latency average = 306.024 ms
latency stddev = 379.891 ms
rate limit schedule lag: avg 0.842 (max 363.135) ms
tps = 11.889196 (including connections establishing)
tps = 11.889424 (excluding connections establishing)

Increase Performance Threshold

The above tests outperformed the benchmark set by the Pi 3B. With the improved query performance on the Pi 4, I decided to increase quality expectations (--latency-limit) from 500 ms to 250 ms. The following table shows the results for latency, standard deviation, % late and % skipped. Results are included for a target Client/TPS count of 3 through 16.

Clients / TPS Latency StdDev Late % Skipped %
3 150 102 20.0% 0.2%
8 184 174 25.0% 0.2%
10 229 244 29.0% 0.4%
12 316 364 38.0% 1.0%
14 392 473 43.0% 1.4%
16 662 774 67.0% 7.0%

pgbench OpenStreetMap

A while back I added a couple scripts under an OpenStreetMap folder in my tests repo. The first uses the data from the table structure created by osm2pgsql. In this original form, the 250ms quality is too high of a bar. The average query latency comes in at 578ms and 15% of the transactions were skipped.

pgbench -c 4 -j 2 -T 600 -P 30 -s 2 \
    -R 4 -r --latency-limit=250 \
    -f tests/openstreetmap/osm--co-jeffco-trees-benches.sql \

transaction type: tests/openstreetmap/osm--co-jeffco-trees-benches.sql
scaling factor: 2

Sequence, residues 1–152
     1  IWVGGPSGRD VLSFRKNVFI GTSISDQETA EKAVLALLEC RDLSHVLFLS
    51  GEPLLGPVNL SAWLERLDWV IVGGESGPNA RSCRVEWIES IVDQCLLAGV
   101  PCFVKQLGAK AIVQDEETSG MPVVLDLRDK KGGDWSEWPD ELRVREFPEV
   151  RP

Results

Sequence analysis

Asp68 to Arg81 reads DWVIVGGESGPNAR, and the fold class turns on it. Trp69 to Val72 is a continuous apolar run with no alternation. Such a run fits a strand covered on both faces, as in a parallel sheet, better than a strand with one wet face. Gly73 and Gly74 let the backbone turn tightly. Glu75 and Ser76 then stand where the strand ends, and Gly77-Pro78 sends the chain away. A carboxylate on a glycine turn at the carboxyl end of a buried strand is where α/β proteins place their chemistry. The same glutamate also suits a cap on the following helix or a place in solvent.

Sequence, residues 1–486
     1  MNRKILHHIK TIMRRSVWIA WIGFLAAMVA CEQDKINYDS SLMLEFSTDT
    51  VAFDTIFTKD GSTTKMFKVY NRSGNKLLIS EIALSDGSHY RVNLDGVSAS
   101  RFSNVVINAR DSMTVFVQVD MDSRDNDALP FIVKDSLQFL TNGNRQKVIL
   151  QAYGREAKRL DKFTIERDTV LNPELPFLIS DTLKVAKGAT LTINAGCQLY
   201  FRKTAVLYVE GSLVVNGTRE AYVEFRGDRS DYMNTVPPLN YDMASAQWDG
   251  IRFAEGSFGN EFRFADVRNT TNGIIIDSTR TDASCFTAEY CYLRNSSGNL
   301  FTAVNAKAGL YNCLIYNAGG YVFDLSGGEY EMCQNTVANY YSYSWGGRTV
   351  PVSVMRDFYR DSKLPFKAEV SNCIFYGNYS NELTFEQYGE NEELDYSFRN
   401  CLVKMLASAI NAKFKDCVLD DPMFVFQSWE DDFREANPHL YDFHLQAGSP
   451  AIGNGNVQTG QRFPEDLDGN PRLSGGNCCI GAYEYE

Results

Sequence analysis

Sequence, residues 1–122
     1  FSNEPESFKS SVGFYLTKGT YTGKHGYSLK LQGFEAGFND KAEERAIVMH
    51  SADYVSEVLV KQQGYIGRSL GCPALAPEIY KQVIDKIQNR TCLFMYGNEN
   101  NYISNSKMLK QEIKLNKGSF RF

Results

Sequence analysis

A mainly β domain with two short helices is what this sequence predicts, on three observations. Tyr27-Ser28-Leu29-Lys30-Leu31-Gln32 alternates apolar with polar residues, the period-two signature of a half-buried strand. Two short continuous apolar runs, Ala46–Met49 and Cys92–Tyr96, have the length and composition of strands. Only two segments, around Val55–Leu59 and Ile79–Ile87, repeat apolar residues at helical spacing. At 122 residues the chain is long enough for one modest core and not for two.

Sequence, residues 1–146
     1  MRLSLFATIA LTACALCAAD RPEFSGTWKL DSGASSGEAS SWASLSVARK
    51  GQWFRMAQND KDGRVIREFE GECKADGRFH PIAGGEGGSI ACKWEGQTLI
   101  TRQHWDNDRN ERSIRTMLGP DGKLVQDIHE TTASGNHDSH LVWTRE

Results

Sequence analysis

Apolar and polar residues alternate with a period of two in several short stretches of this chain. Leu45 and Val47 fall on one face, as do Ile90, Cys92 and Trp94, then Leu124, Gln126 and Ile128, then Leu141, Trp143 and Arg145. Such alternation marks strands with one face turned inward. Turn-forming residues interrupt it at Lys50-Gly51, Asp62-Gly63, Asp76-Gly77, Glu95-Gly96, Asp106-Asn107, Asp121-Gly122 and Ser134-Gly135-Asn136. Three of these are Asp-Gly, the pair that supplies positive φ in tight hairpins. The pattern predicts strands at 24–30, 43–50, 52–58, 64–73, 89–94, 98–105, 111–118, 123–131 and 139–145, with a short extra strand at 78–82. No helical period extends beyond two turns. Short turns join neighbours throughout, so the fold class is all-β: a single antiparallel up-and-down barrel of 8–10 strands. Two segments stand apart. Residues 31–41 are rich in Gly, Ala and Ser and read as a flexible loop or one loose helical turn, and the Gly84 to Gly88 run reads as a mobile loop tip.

query mode: simple
number of clients: 4
number of threads: 2
duration: 600 s
number of transactions actually processed: 2100
number of transactions skipped: 378 (15.254 %)
number of transactions above the 250.0 ms latency limit: 2100/2100 (100.000 %)
latency average = 578.368 ms
latency stddev = 179.850 ms
rate limit schedule lag: avg 22.379 (max 248.092) ms
tps = 3.498242 (including connections establishing)
tps = 3.498356 (excluding connections establishing)

Data structure is important

In my talk PostGIS Queries and Performance I cover the importance of the data structure and its impact on performance. The second query in the tests/openstreetmap folder runs an equivalent query that returns the same results, but uses the structure created by PgOSM. The results using the restructured data are more impressive and well within the quality expectations.

pgbench -c 4 -j 2 -T 600 -P 30 -s 2 \
    -R 4 -r --latency-limit=250 \
    -f tests/openstreetmap/pgosm--co-jeffco-trees-benches.sql \

transaction type: tests/openstreetmap/pgosm--co-jeffco-trees-benches.sql
scaling factor: 2
query mode: simple
number of clients: 4
number of threads: 2
duration: 600 s
number of transactions actually processed: 2423
number of transactions skipped: 0 (0.000 %)
number of transactions above the 250.0 ms latency limit: 0/2423 (0.000 %)
latency average = 67.341 ms
latency stddev = 24.611 ms
rate limit schedule lag: avg 0.856 (max 104.765) ms
tps = 4.038397 (including connections establishing)
tps = 4.038486 (excluding connections establishing)


This post has reviewed the Raspberry Pi 4's performance and ability to handle my Postgres and PostGIS workloads. I'm impressed at the improvements in numbers that I am seeing from pgbench. I'll give it a try to see how it handles my regular local use cases including exploring with QGIS. Stay tuned!

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By Ryan Lambert
Published March 14, 2020
Last Updated March 14, 2020